Porcelain Veneers for a Flawless Smile

Porcelain Veneers for a Flawless SmileYou may already love your smile – that’s great! But what if you’re not happy with some of the minor details? To perfect an already great smile, we may recommend veneers. Porcelain veneers are a great tool for correcting minor imperfections on the surface of teeth and spacing issues as well!

Here are some common questions we are asked regarding veneers:

Will they feel weird on my teeth?
You won’t feel a thing. Veneers are thinner than your fingernails, so you won’t even notice them in your mouth. They are far less intrusive than braces.

How long do they last?
A good, properly placed veneer can last from 10-20 years. And the better you take care of your veneers, the longer they’ll last. A great investment for an enhanced smile!

Will they ever fall off?
Veneers are attached to your tooth with a very strong bonding compound. It’s like superglue designed for teeth. They do not fall off and provide years of durable use.

Do veneers look like natural teeth?
Porcelain is the perfect material to copy tooth enamel, as it incorporates luster, shine and translucence to look just like your natural teeth. People will be complementing on your great smile for years to come.

What if the surrounding teeth are a different color?
Generally we recommend a whiter shade for the veneer and offer tooth whitening in conjunction with the veneer to give you a perfect match throughout your mouth.

Do veneers stain?
Porcelain veneers do not stain, even over time. That’s one of the reasons that we use this material!

If you want to take your smile to the next level, ask us if veneers are a good option for you!

Gum Disease: Locating a Silent Adversary

Gum disease is often a silent disease. It can progress painlessly and in the later stages of the disease, you still may not notice the subtle signs that point to serious problems. That means that gum disease can creep up on you from the shadows. Don’t allow this to happen! A simple check-up in our office can detect signs of gum disease, allowing us to help you develop a plan to stop it in its tracks. Halting the progression of this disease is very important. If it is allowed to progress, the procedures we must use to stop it becomes more invasive, leading to more expense and pain down the road.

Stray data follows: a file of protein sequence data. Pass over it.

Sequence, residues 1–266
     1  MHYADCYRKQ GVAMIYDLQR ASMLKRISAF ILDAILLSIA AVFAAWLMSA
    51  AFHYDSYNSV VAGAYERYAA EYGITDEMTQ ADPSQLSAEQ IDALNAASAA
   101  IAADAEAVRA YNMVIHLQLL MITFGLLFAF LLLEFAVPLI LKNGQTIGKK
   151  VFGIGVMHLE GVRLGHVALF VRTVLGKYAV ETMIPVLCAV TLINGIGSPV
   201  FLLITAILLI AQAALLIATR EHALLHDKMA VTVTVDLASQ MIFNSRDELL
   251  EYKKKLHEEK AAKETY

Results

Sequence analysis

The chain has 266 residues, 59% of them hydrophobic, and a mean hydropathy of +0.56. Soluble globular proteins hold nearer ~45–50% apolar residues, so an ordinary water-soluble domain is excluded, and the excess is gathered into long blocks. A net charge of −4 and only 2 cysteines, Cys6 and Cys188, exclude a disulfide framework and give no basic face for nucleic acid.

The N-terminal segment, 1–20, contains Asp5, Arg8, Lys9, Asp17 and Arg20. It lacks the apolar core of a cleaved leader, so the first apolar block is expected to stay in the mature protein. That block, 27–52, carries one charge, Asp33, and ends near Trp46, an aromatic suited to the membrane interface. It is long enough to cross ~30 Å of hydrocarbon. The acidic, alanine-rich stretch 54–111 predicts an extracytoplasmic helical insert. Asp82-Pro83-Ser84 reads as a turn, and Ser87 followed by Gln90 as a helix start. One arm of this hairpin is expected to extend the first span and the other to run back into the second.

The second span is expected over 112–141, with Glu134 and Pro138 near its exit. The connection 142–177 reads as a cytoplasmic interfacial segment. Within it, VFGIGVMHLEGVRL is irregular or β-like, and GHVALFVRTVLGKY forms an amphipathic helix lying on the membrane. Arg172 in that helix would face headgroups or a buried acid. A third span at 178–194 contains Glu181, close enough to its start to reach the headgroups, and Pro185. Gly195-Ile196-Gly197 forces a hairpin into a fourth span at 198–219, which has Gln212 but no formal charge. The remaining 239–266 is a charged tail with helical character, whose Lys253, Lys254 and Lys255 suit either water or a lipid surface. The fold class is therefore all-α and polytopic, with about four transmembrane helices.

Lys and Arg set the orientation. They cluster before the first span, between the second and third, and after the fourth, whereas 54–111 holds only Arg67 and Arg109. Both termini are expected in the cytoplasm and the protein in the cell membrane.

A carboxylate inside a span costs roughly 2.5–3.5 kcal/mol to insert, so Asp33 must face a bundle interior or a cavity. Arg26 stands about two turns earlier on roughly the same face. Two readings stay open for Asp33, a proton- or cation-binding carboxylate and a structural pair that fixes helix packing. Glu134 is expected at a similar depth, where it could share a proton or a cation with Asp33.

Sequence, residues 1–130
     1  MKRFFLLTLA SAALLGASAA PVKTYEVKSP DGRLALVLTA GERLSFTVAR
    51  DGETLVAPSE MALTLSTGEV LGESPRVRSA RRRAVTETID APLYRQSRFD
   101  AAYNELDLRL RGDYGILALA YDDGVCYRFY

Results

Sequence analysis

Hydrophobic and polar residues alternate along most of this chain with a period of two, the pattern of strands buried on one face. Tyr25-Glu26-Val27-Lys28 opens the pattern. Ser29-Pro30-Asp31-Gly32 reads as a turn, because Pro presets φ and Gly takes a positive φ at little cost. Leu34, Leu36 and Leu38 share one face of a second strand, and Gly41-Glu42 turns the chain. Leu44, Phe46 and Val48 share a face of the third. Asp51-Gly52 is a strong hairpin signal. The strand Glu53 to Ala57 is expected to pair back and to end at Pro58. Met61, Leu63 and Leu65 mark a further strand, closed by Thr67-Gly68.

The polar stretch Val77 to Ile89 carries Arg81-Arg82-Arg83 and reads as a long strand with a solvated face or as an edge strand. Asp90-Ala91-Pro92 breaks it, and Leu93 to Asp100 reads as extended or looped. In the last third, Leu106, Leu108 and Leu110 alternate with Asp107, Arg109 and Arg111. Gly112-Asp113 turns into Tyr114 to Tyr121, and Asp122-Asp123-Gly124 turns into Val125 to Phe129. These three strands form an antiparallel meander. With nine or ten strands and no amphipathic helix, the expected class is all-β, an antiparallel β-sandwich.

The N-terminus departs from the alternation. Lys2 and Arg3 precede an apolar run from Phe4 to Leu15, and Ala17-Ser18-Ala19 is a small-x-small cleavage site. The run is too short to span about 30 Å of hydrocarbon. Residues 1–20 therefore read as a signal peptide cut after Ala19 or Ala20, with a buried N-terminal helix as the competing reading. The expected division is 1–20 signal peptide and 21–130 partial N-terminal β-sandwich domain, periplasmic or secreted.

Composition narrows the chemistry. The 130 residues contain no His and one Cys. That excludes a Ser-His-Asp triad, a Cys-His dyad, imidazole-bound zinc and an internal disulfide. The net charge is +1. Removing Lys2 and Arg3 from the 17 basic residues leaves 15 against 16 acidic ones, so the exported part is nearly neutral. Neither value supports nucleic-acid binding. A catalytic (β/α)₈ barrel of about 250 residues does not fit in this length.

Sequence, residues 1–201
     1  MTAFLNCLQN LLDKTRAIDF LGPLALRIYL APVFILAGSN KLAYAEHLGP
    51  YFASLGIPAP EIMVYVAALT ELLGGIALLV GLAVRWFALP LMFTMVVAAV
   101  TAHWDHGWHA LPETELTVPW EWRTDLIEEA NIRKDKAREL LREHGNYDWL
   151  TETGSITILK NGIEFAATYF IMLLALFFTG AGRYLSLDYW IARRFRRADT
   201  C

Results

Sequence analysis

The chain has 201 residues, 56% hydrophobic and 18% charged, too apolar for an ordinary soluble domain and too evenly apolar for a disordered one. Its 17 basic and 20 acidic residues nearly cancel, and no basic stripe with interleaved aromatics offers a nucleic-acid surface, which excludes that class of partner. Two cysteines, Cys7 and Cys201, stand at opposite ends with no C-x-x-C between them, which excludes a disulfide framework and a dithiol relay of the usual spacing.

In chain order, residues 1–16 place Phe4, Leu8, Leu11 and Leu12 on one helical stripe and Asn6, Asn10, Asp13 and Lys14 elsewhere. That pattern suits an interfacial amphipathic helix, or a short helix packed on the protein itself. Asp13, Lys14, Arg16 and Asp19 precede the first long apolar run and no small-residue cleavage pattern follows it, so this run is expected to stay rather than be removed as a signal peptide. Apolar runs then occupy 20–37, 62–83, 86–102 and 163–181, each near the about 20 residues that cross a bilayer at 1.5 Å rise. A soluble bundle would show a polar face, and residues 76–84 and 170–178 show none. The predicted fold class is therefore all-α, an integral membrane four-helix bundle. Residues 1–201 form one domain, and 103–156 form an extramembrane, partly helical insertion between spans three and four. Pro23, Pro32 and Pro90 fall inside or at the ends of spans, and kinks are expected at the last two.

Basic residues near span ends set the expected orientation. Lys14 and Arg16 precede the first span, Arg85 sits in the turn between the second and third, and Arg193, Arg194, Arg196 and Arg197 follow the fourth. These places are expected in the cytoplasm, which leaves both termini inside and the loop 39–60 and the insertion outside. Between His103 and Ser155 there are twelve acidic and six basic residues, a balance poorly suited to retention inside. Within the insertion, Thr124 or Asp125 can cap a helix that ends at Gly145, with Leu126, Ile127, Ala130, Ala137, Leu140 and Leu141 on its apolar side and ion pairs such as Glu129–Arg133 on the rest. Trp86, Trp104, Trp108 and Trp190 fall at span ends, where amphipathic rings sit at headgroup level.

Give us a call if you notice any of these gum disease indicators or if it has been a while since you had your gums examined:

  • Bleeding gums during/after tooth brushing or flossing. Unless you’re brushing extremely hard (bad for your enamel) you shouldn’t be bleeding from your gums. We can help you determine if the blood that you notice in the sink is connected to gum disease.
  • Red, swollen, or tender gums. Changes in the appearance of gum tissue or sensitive gums are also common symptoms of gum disease. Some patients may even have receding gums.
  • Persistent bad breath. Your bad breath may not just be because of the coffee you had this morning. Bad flossing habits can lead to plaque collecting in the area between teeth making them especially prone to gum inflammation. Another symptom similar to this is a bad taste in the mouth that won’t go away.
  • Loose or shifting teeth. Some people with periodontal disease may experience movement or migration of their teeth. The rate of movement will depend on the particular type of gum disease you have. This can make major changes to the way your teeth fit together and your smile overall. Help us to catch this symptom early!

Depending on the type of gum disease, some of the available treatment options include:

  • Removal of plaque and calculus through scaling.
  • Medication.
  • Surgery in order to stop or minimize the progression.

If you are concerned that you may have gum disease, contact us to schedule a consultation and learn more about the disease. Call us today!